During the last several months, major disruptions have been swirling about the electric power markets. Politicians and special interests claim these disruptions are caused by excessive federal regulation, but the main culprit is low natural gas prices.
These disruptions have changed the outlook for some of the nation's largest independent power producers. Three companies that could see new challenges are Exelon (EXC), First Energy (FE) and GenOn Energy (GEN). One company that may benefit is Calpine (CPN), but more on that later.
The issue is market-clearing prices for electricity; they frequently drift below production costs. Normally, when production costs exceed revenues, operators shut their plants down. However, nuclear and large coal plants are designed to serve a base load and cannot turn on and off on a dime. Typically, these units will continue to produce when market prices are below production costs, and expect to make up the difference during peak periods.
This strategy works if unproductive hours are not too punishing and peak hours are bountiful. However, in recent times, unproductive hours have been brutal and peak-hour prices have been underwhelming. As a result, most independent energy producers are experiencing declining revenues and tighter margins.
Power prices are not really the problem; they are the symptom. The root cause is incredibly low natural gas prices and the gradual introduction of newly efficient gas turbines.
Companies such as General Electric (GE) and Siemens (SI) offer utilities incredibly efficient combined-cycle gas turbines. While most utilities are pleased to produce power with 35% thermal efficiency, GE and Siemens have units reaching 60% efficiency.
Efficient gas turbines and low natural gas prices are a powerful combination; they raise havoc for the established nuclear and coal power market segments. For the first time in decades, nuclear power and coal see a new competitor emerge for their baseload customers.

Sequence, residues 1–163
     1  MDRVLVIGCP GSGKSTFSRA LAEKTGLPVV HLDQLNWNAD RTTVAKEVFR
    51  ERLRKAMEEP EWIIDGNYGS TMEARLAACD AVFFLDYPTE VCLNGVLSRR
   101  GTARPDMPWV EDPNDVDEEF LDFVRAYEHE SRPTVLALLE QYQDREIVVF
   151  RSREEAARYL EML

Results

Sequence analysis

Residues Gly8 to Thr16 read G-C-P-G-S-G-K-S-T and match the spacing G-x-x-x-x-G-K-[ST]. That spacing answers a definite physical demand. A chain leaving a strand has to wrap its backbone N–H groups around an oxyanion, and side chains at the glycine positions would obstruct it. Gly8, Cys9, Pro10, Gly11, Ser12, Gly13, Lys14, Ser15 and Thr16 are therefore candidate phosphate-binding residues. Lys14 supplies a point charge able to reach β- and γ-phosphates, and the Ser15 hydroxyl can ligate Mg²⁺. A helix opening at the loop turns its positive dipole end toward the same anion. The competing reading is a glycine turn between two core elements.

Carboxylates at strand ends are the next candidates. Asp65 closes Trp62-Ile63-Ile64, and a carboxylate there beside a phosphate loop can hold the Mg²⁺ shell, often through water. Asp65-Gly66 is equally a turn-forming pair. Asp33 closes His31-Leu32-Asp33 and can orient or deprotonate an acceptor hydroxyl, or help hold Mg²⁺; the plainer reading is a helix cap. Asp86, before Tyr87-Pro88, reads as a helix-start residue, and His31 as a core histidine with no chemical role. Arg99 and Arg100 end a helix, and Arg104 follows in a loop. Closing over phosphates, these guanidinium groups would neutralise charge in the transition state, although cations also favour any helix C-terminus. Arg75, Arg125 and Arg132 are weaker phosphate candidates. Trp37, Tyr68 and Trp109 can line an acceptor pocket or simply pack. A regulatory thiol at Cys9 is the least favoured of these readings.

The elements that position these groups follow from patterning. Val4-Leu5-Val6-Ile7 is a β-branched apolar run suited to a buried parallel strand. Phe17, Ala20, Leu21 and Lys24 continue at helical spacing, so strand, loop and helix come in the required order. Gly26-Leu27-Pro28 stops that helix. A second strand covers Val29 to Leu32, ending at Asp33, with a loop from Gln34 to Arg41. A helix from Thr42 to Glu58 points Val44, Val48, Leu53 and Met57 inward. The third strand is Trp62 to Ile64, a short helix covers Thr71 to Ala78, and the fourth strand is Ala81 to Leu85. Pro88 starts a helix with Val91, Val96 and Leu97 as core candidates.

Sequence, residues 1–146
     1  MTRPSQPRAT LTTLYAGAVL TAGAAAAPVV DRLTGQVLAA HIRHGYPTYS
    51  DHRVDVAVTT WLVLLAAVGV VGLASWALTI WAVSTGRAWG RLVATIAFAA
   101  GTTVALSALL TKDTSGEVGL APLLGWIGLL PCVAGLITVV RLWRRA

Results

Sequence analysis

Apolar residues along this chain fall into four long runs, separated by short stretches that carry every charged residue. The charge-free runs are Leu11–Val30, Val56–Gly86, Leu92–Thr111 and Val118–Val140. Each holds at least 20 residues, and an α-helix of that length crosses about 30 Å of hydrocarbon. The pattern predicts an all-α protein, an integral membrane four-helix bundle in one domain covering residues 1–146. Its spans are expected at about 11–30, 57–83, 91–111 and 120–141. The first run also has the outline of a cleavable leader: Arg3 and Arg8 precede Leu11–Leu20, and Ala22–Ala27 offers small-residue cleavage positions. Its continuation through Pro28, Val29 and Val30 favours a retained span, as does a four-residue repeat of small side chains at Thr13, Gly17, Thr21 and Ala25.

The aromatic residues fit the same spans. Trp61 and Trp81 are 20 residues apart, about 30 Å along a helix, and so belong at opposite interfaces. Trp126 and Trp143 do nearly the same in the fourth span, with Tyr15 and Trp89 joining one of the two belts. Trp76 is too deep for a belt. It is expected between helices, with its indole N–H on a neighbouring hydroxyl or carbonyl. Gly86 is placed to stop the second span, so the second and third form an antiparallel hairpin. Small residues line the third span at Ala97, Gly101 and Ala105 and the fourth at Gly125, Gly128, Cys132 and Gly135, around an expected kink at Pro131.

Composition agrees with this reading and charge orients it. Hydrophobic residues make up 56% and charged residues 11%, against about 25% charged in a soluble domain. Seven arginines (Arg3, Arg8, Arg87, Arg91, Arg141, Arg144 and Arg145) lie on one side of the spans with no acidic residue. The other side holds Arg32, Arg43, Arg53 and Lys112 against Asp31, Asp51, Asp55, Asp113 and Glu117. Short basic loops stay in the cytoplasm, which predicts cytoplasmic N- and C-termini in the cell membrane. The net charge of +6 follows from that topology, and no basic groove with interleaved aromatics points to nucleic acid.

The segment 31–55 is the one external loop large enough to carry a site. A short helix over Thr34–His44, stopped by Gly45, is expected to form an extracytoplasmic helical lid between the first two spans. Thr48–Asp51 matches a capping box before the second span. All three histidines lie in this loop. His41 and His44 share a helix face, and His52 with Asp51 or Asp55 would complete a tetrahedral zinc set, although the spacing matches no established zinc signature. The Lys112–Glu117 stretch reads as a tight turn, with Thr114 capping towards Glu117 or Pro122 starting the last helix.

The math tells the story. On its website, the Nuclear Energy Institute (NEI) tells readers: "Nuclear plants are the lowest-cost producer of baseload electricity." The NEI goes on to say that nuclear power's average production cost is approximately $21.40 per megawatt-hour. Therefore, nuclear power and $21.40 per megawatt-hour should represent a benchmark. When natural gas is compared to that benchmark, interesting issues emerge in the deregulated markets.
Now let's look at the arithmetic. Natural gas is currently priced at approximately $2.50 per Dekatherm. Using that price, an efficient combined cycle gas turbine can produce power for $15.00 per megawatt-hour (heat rate of 6,000). A moderately efficient gas turbine can produce power for $20.00 per megawatt-hour (heat rate of 8,000). A gas clunker can produce power for $25.00 (heat rate of 10,000).
Compare those production costs to energy markets' clearing prices. Last Thursday night and Friday morning, the market-clearing prices for hubs within Midwest Independent Transmission System's region were trading around $18.00 per megawatt-hour. By noon, some regions reached $35.00 and others remained below $18.00.
For investors, these numbers reveal important issues. First, the reason many independent power producers decided to retire old, fully depreciated and inefficient coal plants is largely tied to their inability to compete in the free power markets. New Environmental Protection Agency (EPA) regulations were simply the last straw in the decision process.
Second, nuclear power is no longer the financial leader within the nation's fleet of power plants. With natural gas prices at current levels, General Electric and Siemens' combined cycle gas turbines are the nation's new cost leaders.
Third, domestic coal is facing new challenges. At current prices, spare gas turbines will likely be dispatched ahead of many older coal plants. With more than expected coal plants idled or sidelined, domestic coal consumption should decline more than currently forecasted.
Fourth, some independent power producers might go under. According to Bloomberg, a large privately owned power producer in Texas needs natural gas prices to be over $6.00 per Dekatherm to cover its operating expenses and its interest payments to Berkshire Hathaway (BRK.A). As a distraction, this same producer is fighting EPA's new emission regulations.
Fifth, regulated utilities are largely immune from these disruptions. Companies such as Southern (SO), Scana (SCG) and Duke Energy (DUK) have little risk because most of their generating assets are financially hedged in state-sanctioned rate bases.
Last, looking at Calpine's generating assets it appears this company emerged as a potential winner. Most of Calpine's assets are combined cycle gas turbines - now the best in breed. In addition, Calpine is emerging as a pure play on low natural gas prices.
As long as natural gas prices remain low, Calpine's production costs should beat Exelon's fleet of nuclear power plants and First Energy's coal and nuclear facilities. Cost leadership delivers maximum margins.